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Tim Mayotte

tennis player
Full name: Timothy Mayotte
Nickname: Tim
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Bio He is a former professional tennis player from the United States.
A tall serve-and-volleyer, Mayotte learned to play the game on the public courts of Forest Park in his hometown of Springfield, Massachusetts. He played tennis for Stanford University in the early-1980s and won the NCAA singles title in 1981.

Mayotte won his first top-level professional singles title in 1985 at the inaugural Lipton International Players Championships (now known as the Miami Masters). Other career highlights included winning the Queen's Club Championships in London in 1986, capturing the Paris Indoor title in 1987, and winning the men's singles silver medal at the 1988 Olympic Games in Seoul.

His best performances in Grand Slam tournaments came in reaching the semifinals at Wimbledon in 1982 and the Australian Open in 1983. He also reached the quarterfinals of the US Open in 1989.

During his career, Mayotte won 12 singles titles and one doubles title. His career-high singles ranking was world No. 7. His final singles title was won in 1989 at Washington DC. Mayotte retired from the professional tour in 1992.

He was hired by the United States Tennis Association (USTA) to serve as a national coach in July 2009.

Mayotte's older brother Chris also played on the international tennis tour for a few seasons. Their older brother John was the number one junior player in New England and later one of the top players in the New England Tennis Stars (NETS), a tour started by Ted Hoehn in the late 1970s and 1980s.

He then went to work as a tennis agent working for Donald Dell's ProServ. There, he managed top-ten and All-American players on the ATP and WTA Tours. His clients included Amanda Coetzer and Greg Rusedski, who became semifinalist and finalists at the French Open and US Open consecutively.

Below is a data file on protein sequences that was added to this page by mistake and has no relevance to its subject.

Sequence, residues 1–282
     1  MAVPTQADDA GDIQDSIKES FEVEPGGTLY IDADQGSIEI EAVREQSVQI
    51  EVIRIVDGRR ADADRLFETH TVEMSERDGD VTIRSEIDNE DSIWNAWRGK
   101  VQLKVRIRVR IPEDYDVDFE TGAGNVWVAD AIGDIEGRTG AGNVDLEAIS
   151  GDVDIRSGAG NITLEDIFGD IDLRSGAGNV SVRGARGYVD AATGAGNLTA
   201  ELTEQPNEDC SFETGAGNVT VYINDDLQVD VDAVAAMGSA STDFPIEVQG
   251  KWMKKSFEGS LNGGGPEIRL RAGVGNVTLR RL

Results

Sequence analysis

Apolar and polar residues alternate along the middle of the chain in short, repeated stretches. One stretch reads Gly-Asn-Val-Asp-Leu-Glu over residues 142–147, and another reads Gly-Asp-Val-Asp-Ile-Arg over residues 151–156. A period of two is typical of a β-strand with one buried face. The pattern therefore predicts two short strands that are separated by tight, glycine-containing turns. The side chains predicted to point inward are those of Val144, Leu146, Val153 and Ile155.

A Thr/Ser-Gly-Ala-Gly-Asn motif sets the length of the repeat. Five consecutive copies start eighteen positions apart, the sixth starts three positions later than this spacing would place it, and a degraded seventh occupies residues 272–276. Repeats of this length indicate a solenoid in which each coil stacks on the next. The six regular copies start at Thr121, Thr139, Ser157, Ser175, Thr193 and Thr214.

After working as a coach for USTA Player Development under General Manager Patrick McEnroe, Mayotte spoke publicly about his experiences:

"One big issue and an expression of the pervading arrogance is that the bosses there at the USTA PD have no willingness or ability to deeply discuss ideas and methods. They want to produce great, strong independent players who can be flexible and adjust and yet they (the bosses) do not display any of these qualities. We have cultural dissonance of the highest and most destructive order going on there. Jose, and to a tragic level, Patrick feel somehow by virtue of their celebrity that their "magic" will rub off on people they control. What they are too lost to see is the word "development" in PD. As you know so well, building healthy individuals means walking thru [sic.] the trenches with them and helping them analyze the moral, mental, and emotional choices they (and the parents) have to make and develop a healthy strong person in the process. Hard to do when you are dictating from a broadcast booth and a board room."
Tournament AO RG W US Win-Loss
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